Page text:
Creeping changes

How can couples keep their marriages safe when facing destabilising forces from both sides of the relationship? First and foremost, be aware of creeping changes that are both symptoms and causes of marital breakdown. These can include the following:

  • Outsourcing your intimacy. If you don’t feel valued and respected by your partner, you may find yourself leaning on others as primary sources for emotional intimacy, value and respect.
  • Communication ruts. Avoid only talking about kids and helpers – or, conversely, work and colleagues. Share your thoughts and feelings. Don’t neglect the special emotional connection with your partner.
  • Building walls. Every couple runs into challenges at some time. It’s important not to build walls in a relationship. Don’t let unresolved conflicts lead to resentment, which in turn breeds anger and animosity.
  • Shrinking common ground. The demands of work, travel, children’s activities and social lives can create distance between couples. Make time to be together and connect: see movies, hike, play a sport, have a meal, and discuss current events. Make firm appointments with each other, and keep them.
  • Cold, cold bed. Packed schedules can impact relational intimacy. Some of my clients admit to not having had sex for up to eight years! Sex is like exercise: the more you do it, the more you enjoy it, and the more you want it again. It has real benefits for building intimacy, too, so don’t neglect the marital bed.
  • Living in denial. Pretending that problems don’t exist in your marriage is never helpful. Don’t ignore your feelings, or rationalise mounting warnings signs. The sooner you face the truth, the more likely you’ll be able to salvage your relationship.
  • Compromising your core values. People over time can forget why they fell in love. It’s important to remind yourself rather than cheat when the opportunity presents itself. In settings where infidelity is accepted, it takes real integrity to honour commitment instead of convenience.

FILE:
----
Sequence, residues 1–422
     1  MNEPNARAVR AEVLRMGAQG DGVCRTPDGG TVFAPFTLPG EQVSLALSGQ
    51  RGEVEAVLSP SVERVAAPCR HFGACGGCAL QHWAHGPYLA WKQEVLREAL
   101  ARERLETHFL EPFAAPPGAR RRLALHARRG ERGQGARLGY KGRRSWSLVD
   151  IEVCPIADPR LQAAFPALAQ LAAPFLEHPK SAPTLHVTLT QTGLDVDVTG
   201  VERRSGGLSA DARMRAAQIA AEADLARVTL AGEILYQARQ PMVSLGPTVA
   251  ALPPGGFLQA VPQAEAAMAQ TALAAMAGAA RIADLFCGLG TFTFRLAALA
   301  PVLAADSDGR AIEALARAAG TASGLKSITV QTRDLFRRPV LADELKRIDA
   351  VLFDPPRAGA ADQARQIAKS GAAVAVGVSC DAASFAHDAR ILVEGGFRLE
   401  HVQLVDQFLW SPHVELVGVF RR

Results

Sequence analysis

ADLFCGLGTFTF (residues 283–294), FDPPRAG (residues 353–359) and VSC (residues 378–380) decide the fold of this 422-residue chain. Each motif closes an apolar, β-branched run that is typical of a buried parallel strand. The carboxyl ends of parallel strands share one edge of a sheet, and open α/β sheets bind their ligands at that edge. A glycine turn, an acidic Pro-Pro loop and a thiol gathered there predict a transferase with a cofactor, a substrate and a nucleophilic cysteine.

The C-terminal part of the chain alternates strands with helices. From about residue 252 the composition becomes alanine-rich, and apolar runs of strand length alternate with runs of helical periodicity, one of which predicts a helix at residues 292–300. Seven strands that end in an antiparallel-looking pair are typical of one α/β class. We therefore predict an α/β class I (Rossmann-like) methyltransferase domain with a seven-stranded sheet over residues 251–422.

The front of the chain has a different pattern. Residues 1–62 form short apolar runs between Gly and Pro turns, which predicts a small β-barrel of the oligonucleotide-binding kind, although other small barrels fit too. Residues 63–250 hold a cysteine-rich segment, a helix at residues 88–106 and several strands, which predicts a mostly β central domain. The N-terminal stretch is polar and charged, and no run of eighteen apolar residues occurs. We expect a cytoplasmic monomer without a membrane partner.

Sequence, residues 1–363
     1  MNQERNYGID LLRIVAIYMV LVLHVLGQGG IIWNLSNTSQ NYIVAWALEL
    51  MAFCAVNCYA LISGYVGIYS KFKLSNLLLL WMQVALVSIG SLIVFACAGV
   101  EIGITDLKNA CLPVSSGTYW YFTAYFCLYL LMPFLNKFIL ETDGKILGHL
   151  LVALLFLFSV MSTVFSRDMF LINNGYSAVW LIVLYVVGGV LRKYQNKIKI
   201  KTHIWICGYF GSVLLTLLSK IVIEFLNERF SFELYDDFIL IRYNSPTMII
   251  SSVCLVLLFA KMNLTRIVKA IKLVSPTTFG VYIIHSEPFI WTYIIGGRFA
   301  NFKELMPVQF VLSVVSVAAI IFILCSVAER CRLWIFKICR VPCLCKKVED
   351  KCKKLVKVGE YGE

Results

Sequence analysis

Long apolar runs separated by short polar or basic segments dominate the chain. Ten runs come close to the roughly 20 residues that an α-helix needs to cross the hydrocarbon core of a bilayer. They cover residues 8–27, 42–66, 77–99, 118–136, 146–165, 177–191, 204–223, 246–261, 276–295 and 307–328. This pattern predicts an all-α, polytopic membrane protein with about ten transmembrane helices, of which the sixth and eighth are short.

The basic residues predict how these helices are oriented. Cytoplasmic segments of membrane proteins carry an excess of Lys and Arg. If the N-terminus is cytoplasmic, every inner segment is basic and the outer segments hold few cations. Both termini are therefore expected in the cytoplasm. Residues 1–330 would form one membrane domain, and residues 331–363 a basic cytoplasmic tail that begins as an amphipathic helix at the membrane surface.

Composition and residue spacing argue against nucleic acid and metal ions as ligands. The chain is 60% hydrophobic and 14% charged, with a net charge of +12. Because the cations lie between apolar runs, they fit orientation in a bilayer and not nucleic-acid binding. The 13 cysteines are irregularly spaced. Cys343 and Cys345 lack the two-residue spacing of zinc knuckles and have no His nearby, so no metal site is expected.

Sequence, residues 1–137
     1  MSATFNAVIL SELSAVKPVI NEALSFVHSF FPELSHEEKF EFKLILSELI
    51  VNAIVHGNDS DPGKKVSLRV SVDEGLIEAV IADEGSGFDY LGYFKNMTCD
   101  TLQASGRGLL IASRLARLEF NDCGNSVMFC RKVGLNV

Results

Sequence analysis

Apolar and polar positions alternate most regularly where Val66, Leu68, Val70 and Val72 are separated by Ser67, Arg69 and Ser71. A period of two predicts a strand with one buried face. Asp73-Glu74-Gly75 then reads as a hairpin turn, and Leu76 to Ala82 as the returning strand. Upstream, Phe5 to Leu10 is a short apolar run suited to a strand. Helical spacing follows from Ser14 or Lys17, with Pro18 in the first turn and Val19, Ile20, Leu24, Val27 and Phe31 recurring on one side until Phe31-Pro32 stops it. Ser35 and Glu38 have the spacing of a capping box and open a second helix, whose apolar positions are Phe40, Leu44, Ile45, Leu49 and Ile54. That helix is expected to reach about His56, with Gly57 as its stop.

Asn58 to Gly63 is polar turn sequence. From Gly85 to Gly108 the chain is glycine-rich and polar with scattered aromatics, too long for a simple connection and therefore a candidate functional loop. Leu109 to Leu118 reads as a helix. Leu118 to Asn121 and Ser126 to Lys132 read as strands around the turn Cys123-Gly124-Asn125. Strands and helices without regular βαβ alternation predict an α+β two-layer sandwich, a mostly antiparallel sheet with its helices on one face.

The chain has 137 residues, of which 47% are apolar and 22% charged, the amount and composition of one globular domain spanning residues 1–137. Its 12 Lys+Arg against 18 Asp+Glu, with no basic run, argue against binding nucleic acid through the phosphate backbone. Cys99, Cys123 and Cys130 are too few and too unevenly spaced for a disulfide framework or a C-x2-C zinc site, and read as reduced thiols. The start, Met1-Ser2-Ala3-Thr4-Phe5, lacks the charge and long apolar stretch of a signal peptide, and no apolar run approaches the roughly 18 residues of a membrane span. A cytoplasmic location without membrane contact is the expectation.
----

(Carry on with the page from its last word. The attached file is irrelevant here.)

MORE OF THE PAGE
A sense of certainty

In long-term relationships, the importance of individuals’ feelings and emotions can get pushed aside to serve more functional needs. Making time for each other to maintain that special emotional connection and make it stronger is an investment in your marriage.

Don’t underestimate the power of spending time with your partner, and really being present during that time for each other. It’s helpful to talk about how to safeguard your marriage if this city’s temptations come your way. If you feel you’re not spending enough time together, ask for it.

Keep your marriage as a top priority. Make sure you’re both working to meet each other’s most important needs. If you don’t know what they are, talk to each other and find out. These simple but effective ways of keeping your spouse close and connected will create a sense of certainty and safety in your marriage – and may make it even better.

Read the original article here.


Dr. Quratulain Zaidi


Dr. Quratulain Zaidi (BSc. Hons, MSc, MSc, PhD) is a mother and a member of the British Psychological Society and British Association Counselling & Psychotherapy and abides by the Ethical Framework for Good Practice in Counselling and Psychology. She has lived in Hong Kong and Singapore for 12 years. She specialises in assisting families with issues including parenting, teen issues, Cybersafety, marriage guidance, post natal depression, stress and anxiety disorders, depression, bullying, eating disorders, OCD and self-harm. She is an expert in educational assessments and learning challenges in children, for example ADHD, ADD, Dyslexia and ASD.